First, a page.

Captain Christopher Middleton’s Map and Book
-Jonathan Dobbs, SGS Member & Volunteer Coordinator
A couple of weeks ago my Father was given a birthday present from his family to enable both him, and my Mother, to keep in touch with their grandchildren.
Advertised as an easy to use video calling device, Portal from Facebook also has the slogan: ‘If you can’t be there, feel there’.
I am not too keen on the advertising slogan – I am more impressed with Facebook’s portal – but my favourite portal lies elsewhere. Since I first entered its Broad Street home Spalding Gentlemen’s Society has become my portal to the past.
One Tuesday morning at the Society I came across a map of Hudson Bay, Canada. A couple of handwritten lines at the bottom of the map informed me that it had been donated together with an account of a voyage to discover a Northwest Passage. Our librarian Dustin found the accompanying book which transported me to a frozen eighteenth century landscape where I began to learn about Spalding Gentlemen’s Society member Captain Christopher Middleton.
He was the first sea captain to become a Fellow of The Royal Society and also the first to receive its most prestigious award the Copley Medal.
He became a captain in 1725 when given command of the Hudson’s Bay Company’s ship Hannah. The following year The Royal Society published his paper on the variation of the magnetic needle in Hudson Bay and he continued to supply the Society with similar observations collected during a dozen annual trading voyages from England to Canada.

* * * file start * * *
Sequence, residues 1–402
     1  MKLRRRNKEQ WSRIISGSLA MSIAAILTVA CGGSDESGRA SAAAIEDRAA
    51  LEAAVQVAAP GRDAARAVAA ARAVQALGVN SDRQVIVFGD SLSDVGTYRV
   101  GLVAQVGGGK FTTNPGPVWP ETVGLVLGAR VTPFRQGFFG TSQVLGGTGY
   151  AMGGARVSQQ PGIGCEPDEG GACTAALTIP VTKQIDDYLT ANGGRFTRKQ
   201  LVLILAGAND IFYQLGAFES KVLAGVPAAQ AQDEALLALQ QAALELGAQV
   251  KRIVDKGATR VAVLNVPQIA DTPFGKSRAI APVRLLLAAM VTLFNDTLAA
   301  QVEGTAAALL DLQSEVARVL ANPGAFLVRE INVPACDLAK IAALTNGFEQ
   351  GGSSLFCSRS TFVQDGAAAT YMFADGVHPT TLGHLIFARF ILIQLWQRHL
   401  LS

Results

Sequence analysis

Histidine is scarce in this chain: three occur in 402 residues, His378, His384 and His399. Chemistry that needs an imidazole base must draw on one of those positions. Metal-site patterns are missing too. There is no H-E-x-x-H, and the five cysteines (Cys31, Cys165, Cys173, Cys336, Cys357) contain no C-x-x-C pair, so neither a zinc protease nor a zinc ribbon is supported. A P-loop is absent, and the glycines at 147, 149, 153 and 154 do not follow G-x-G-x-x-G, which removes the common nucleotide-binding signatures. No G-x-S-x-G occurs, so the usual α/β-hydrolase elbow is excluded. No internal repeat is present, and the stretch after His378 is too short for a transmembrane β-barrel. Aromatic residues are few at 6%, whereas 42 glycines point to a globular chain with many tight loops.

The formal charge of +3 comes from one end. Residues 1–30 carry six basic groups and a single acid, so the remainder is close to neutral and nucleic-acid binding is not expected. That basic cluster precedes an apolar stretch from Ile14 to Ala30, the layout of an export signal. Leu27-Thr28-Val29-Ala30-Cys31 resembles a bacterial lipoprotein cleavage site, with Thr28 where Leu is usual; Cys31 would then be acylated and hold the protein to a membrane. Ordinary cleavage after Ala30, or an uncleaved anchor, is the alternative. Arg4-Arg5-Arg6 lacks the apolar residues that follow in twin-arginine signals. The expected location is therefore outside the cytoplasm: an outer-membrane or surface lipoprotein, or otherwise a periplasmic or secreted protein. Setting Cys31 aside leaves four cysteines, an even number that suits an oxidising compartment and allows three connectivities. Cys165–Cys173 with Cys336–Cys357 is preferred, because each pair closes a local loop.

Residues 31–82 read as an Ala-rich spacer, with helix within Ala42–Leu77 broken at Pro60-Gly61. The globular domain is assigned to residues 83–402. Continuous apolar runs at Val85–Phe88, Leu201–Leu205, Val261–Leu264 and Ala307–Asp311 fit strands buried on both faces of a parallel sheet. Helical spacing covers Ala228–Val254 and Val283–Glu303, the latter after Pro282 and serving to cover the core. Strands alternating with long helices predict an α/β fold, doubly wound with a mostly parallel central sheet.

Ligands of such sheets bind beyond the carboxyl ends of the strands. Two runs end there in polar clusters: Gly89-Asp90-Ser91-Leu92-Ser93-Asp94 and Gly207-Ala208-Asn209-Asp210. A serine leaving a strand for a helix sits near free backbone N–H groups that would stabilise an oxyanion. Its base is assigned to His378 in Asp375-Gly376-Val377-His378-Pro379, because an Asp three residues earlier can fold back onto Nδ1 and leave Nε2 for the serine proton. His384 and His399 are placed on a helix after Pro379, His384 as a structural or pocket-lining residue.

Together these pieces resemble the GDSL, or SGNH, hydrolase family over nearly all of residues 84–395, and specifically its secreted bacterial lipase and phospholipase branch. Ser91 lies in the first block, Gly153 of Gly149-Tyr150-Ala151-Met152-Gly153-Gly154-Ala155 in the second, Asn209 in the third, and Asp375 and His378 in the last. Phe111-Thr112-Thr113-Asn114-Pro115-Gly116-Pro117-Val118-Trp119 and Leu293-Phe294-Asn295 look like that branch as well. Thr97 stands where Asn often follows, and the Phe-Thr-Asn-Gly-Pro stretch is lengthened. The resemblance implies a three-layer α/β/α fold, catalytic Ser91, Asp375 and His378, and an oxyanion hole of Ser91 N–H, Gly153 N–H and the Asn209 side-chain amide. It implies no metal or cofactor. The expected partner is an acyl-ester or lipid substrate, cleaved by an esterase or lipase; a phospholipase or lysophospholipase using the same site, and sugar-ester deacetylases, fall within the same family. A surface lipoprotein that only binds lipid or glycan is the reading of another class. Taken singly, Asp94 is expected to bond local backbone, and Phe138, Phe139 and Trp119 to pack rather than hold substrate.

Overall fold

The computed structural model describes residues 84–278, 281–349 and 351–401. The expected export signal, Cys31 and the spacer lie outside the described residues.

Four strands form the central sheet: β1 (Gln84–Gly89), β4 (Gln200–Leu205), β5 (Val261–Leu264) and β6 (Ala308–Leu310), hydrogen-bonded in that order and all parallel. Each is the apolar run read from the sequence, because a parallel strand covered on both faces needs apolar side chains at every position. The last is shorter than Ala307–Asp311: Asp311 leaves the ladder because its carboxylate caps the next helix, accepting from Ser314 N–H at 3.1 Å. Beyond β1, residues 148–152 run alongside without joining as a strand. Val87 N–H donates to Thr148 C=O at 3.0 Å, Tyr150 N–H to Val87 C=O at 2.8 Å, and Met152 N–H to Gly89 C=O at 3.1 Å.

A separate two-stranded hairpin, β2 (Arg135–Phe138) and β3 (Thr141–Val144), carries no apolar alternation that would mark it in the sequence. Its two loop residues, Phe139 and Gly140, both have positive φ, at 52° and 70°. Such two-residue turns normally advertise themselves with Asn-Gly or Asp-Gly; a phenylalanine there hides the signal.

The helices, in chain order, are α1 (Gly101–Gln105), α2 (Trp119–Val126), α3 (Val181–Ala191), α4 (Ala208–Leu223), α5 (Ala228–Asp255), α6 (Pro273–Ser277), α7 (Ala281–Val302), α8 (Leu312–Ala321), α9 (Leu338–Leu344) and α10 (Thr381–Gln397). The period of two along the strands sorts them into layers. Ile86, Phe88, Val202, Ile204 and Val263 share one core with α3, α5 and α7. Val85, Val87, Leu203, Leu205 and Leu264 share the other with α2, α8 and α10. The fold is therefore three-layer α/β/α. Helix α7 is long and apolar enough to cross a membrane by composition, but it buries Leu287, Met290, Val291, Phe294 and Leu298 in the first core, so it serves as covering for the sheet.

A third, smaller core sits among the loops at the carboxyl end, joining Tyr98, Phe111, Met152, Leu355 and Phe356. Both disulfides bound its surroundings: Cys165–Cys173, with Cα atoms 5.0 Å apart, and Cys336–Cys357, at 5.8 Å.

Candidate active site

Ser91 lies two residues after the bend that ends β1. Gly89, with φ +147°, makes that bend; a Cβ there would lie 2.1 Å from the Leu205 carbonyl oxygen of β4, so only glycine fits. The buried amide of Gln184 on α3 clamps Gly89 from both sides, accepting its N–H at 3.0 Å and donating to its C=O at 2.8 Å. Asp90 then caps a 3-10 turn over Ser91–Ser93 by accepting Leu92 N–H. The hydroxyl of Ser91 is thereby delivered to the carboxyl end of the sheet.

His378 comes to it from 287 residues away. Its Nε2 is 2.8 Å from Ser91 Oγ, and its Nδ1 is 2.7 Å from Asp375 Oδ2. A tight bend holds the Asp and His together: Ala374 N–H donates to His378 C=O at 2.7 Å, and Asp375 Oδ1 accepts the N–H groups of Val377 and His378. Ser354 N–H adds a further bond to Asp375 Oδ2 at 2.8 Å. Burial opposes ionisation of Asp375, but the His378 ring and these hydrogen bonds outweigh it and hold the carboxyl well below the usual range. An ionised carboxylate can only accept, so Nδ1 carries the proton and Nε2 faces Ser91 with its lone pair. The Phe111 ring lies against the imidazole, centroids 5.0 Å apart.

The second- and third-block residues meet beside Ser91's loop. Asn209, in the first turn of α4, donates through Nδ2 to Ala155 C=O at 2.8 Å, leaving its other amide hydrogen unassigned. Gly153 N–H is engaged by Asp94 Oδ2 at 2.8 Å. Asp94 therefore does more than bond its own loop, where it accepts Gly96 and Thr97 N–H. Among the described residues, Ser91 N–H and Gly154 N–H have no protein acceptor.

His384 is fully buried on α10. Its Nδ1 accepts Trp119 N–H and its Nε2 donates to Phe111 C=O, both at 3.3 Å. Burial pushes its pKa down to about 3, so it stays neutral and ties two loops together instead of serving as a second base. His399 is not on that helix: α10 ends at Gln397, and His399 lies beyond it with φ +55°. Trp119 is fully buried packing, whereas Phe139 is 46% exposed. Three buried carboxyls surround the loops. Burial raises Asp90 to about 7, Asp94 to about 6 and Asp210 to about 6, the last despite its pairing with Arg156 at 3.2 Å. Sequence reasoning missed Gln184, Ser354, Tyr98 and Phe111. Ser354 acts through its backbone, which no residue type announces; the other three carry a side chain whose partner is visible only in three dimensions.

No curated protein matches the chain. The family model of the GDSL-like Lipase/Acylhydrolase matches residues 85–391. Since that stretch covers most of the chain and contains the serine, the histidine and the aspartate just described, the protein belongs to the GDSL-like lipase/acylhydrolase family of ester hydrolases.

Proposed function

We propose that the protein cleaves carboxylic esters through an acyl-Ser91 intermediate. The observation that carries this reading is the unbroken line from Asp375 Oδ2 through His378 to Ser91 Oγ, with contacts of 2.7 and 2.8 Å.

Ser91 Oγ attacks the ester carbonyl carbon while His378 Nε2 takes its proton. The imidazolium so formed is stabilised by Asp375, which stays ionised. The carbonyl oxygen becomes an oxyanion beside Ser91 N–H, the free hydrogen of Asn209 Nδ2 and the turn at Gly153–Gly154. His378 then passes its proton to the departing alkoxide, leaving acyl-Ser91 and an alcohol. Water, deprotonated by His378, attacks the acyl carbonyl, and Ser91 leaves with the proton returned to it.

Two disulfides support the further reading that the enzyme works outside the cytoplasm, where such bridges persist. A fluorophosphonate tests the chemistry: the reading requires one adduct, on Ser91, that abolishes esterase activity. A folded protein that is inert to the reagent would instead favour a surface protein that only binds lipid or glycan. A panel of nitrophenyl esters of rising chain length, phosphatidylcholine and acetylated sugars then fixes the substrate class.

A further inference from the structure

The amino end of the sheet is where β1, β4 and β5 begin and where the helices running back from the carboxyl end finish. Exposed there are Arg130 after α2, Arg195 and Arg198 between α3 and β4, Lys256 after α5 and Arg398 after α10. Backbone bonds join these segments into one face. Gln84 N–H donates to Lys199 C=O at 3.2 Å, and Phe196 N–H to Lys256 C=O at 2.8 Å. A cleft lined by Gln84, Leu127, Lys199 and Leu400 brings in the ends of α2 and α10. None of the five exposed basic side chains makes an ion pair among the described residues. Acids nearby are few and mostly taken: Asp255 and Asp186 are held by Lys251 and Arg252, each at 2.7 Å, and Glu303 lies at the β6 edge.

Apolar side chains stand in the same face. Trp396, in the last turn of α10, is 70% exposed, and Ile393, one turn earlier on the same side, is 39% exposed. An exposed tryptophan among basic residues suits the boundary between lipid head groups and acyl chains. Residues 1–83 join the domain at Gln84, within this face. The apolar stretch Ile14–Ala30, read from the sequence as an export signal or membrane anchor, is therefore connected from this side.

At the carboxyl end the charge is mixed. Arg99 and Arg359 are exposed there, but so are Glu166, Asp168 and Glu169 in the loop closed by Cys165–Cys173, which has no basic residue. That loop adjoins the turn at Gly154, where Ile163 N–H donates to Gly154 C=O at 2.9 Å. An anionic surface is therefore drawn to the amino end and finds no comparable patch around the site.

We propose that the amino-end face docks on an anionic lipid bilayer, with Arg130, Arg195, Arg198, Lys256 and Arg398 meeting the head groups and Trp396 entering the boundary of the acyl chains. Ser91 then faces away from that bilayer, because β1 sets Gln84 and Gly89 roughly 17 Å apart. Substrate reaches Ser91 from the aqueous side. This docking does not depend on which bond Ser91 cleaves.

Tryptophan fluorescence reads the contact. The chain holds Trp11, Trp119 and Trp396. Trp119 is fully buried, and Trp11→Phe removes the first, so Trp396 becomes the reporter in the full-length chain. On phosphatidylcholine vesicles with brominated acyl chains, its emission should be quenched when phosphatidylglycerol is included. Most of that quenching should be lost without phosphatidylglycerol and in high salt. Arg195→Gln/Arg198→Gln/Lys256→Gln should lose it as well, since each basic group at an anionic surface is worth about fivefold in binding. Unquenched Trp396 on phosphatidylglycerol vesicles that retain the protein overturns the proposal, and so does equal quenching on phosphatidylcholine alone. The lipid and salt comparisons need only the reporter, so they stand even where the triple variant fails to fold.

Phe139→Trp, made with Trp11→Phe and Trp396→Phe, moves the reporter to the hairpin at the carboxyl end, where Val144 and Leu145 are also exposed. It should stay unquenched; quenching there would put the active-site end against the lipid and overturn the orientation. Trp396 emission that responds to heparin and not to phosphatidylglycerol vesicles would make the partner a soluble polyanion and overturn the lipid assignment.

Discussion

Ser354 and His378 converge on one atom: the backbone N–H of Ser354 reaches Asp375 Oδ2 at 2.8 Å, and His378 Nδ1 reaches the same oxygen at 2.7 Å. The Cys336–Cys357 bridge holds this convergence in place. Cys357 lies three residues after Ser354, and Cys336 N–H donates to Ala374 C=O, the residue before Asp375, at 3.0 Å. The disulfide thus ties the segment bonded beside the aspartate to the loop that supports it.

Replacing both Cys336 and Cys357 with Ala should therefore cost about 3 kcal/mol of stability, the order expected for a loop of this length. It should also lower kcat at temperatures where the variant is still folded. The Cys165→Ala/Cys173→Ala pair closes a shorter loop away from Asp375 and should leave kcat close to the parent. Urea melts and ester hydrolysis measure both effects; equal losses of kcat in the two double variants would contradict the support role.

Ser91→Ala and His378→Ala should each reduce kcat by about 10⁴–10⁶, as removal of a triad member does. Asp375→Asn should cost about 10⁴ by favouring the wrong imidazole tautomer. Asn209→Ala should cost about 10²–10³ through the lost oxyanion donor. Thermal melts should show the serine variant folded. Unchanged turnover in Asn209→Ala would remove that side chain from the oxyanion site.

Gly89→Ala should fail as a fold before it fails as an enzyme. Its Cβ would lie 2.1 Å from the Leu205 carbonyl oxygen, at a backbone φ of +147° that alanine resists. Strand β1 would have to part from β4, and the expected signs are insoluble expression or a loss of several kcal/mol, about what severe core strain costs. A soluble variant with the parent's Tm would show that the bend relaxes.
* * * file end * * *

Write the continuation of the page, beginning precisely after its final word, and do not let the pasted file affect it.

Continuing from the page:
These Royal Society papers changed Middleton’s life as they attracted the attention of Arthur Dobbs, an influential Irish politician and hard-line free trader. Dobbs wanted to end the Hudson’s Bay Company’s trade monopoly by finding the Northwest Passage, a route westward from the Atlantic Ocean to the Pacific Ocean through Canada.
Dobbs found an ally in Middleton as the captain was one of a long line of seamen who dreamed of finding the Northwest Passage.
What followed was years of lobbying by both Dobbs and Middleton before they finally got the blessing of King George II in 1740 for the first-ever British naval expedition to set sail the following year in search of the Northwest Passage through Hudson Bay.
In order to lead the 1741 expedition Middleton had to give up his long and successful career with the Hudson’s Bay Company to take up a temporary commission in the Royal Navy.
After sailing further in Hudson Bay than any previous vessel, the two ship expedition returned to England the following year with Middleton concluding that there was no Northwest Passage to be found.
It was the Society’s copy of Middleton’s map of the expedition’s discoveries that introduced me to him. He presented both the map and his self-penned book ‘A Vindication of The Conduct of Captain Christopher Middleton’ to the Society in 1743.